Hardness of Water

Water Hardness Scale
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Water Hardness

The term “Water Hardness” is applied to the soap neutralizing power of water. Any substance that will form an insoluble curd with soap causes hardness.

Since iron, manganese, copper, barium, lead, zinc, and other trace elements are seldom present in appreciable concentrations in natural waters, hardness is attributed principally to calcium and magnesium ions.

Because most of the effect observed with soap results from the presence of calcium and magnesium, water hardness is now generally defined in terms of these two constituents alone with some rather indefinite reservations about other ionic interferences. The other ions that might precipitate soap include hydrogen ion and all polyvalent metals, but usually they are present in insignificant amounts in water of the type that is usable domestically and for which water hardness data might be obtained.

The hardness of water is conventionally expressed in all water analysis made in the U.S. in terms of an equivalent quantity of calcium carbonate. Some such convention is needed for hardness because this is a property imparted by several different cations which may be present in varying proportions. However, the actual presence of the indicated number of mg/L in the form of calcium carbonate certainly should not be assumed.

The adjectives “hard” and “soft” as applied to water are inexact and some writers have tried to improve on this situation by adding qualifying adverbs.

Hardness range mg/L calcium carbonate
Description
0-75 soft
75-150 moderately hard
150-300 hard
300 + very hard

Hardness in water used for ordinary domestic purposes does not become particularly objectionable until it reaches a level of 100 mg/L or so. Hardness can greatly exceed this level and in many places, especially where waters have contact with limestone or gypsum, 200-300 mg/L or more of hardness will be common. Hardness in water may be caused by the natural accumulation of salts from contact with soil or geologic formations.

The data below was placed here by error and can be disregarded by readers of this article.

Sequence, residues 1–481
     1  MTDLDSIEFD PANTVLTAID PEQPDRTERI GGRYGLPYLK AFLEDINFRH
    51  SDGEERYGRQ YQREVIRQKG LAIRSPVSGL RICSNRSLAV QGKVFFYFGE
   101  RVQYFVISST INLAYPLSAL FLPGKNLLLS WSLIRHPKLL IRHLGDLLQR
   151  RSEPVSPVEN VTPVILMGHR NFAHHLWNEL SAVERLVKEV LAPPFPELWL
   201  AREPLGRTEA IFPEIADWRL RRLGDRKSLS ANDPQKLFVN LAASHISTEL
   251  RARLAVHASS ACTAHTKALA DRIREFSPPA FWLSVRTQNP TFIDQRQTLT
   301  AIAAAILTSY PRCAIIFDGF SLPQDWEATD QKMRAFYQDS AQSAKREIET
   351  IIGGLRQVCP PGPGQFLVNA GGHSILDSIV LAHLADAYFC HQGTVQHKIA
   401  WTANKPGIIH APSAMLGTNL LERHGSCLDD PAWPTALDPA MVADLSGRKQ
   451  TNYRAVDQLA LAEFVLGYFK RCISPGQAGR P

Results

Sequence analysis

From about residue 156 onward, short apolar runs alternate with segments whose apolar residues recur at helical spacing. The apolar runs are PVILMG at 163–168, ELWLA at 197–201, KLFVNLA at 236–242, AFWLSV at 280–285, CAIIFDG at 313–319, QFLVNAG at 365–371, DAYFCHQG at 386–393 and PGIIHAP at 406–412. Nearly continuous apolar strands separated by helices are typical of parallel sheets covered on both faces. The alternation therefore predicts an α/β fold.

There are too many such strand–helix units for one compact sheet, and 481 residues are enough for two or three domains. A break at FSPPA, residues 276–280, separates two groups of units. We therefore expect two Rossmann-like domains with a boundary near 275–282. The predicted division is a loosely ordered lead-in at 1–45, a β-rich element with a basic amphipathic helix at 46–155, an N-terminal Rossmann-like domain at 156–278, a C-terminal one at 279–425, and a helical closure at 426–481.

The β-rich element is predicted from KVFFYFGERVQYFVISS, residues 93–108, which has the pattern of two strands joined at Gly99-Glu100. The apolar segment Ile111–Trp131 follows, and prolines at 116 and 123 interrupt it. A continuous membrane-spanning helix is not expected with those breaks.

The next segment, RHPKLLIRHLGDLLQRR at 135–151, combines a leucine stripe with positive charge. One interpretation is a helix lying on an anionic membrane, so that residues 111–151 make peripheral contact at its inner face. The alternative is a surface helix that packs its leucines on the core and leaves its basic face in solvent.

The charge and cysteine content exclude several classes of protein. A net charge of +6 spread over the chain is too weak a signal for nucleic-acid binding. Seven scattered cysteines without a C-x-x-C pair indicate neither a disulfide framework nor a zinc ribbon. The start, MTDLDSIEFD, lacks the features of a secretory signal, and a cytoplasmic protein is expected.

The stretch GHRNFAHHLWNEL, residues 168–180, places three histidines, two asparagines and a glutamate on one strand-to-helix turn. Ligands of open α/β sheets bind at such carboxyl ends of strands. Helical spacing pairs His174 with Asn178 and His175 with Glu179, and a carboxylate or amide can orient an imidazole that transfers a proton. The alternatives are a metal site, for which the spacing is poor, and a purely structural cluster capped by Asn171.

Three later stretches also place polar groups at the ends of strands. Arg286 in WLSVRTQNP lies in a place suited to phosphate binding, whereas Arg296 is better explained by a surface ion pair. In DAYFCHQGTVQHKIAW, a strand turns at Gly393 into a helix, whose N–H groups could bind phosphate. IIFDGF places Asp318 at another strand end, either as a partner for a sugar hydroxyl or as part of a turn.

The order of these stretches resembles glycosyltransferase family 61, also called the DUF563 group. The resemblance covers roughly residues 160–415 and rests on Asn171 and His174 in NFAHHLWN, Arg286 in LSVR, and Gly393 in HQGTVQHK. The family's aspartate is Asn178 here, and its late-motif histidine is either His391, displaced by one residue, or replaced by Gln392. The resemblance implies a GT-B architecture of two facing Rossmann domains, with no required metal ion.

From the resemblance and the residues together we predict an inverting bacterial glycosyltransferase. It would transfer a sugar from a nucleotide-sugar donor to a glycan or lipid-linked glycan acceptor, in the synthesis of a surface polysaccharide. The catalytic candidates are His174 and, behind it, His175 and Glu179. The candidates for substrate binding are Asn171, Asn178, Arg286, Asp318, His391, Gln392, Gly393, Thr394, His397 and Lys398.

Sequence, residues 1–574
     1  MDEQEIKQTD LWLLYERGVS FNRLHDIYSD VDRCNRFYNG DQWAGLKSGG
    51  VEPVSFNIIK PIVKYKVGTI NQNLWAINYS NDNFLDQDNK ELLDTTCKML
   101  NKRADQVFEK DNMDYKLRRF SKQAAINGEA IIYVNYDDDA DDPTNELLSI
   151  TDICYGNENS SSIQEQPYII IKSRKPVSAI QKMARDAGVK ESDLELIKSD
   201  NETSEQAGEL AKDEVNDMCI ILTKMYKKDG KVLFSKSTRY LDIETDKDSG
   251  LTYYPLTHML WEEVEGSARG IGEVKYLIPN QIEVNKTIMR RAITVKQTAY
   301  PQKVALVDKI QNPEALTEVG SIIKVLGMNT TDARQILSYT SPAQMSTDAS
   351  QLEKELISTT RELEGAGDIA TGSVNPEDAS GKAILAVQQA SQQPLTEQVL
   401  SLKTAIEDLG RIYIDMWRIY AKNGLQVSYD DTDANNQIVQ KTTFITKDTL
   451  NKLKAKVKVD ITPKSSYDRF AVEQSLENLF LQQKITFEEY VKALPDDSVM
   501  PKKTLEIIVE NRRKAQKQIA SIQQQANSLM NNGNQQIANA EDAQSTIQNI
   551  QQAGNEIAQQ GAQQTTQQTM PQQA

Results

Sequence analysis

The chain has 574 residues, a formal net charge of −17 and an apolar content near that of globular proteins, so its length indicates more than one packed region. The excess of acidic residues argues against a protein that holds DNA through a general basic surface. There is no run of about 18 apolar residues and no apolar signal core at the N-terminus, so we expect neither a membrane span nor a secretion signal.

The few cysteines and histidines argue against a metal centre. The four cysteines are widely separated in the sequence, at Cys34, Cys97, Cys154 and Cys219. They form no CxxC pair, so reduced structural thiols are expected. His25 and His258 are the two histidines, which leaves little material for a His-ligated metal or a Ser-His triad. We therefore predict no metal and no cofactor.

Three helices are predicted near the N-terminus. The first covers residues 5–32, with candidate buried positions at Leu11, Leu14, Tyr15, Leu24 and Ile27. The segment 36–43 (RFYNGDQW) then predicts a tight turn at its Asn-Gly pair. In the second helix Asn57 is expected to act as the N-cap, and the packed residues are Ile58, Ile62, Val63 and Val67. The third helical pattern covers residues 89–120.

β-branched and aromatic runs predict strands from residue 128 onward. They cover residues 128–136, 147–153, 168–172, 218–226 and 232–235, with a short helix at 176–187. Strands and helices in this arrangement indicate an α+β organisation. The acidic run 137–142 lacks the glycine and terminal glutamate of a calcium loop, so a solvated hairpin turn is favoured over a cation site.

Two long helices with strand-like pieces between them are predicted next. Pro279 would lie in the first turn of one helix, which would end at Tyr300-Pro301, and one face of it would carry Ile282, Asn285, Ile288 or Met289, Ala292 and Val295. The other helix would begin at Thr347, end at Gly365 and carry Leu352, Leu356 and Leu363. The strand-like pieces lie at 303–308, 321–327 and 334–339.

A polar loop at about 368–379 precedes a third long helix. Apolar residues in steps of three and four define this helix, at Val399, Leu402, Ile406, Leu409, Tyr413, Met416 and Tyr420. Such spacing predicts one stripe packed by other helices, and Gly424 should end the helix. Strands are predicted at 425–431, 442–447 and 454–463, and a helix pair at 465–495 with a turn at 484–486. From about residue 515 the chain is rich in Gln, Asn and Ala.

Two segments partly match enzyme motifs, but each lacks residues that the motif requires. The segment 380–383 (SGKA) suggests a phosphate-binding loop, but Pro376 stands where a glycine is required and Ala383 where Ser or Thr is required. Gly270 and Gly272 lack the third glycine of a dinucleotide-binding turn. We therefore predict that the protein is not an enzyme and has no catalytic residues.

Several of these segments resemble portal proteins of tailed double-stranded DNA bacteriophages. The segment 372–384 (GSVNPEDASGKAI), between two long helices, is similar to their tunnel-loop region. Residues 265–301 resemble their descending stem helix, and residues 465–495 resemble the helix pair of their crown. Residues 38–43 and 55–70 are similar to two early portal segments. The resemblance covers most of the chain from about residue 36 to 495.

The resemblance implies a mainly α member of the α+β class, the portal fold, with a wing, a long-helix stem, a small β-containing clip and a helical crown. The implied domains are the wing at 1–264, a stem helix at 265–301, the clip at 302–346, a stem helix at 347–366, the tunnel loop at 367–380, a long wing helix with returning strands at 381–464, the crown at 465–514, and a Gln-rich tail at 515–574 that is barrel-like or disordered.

The significance of water hardness on the aquatic organisms can exert a considerable influence on algae. Many genera of algae occur freely both in soft, acid water and in limestone spring streams. But others seem to be primarily confined to either hard or soft waters.

Water hardness also seems to affect some higher aquatic plants, but not others. A few only occur in soft water, whereas other plants seem to require harder water and few are apparently indifferent.

Calcium not only affects the efficiency of osmoregulation, but it has also been shown for groups as far apart as flatworms and fish that both calcium and magnesium affect the rate of respiration.

Both ions raise respiratory rates at low temperatures and lower them at high temperatures. It can therefore be expected that water hardness has some important affects on the respiration of aquatic organisms.

Next Topics…
pH of Water
Relation of Acidity and Alkalinity in Water
Total Dissolved Solids in Water
Electrical Conductivity of Water
Primary Anions and Cations in Water
Dissolved Gases in Water
Primary Nutrients and Eutrophication
Toxic Constituents in Water
Pesticides in Water
Oil in Water

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Physical Water Quality
Chemical Water Quality
Biological Water Quality
Water Basics 101

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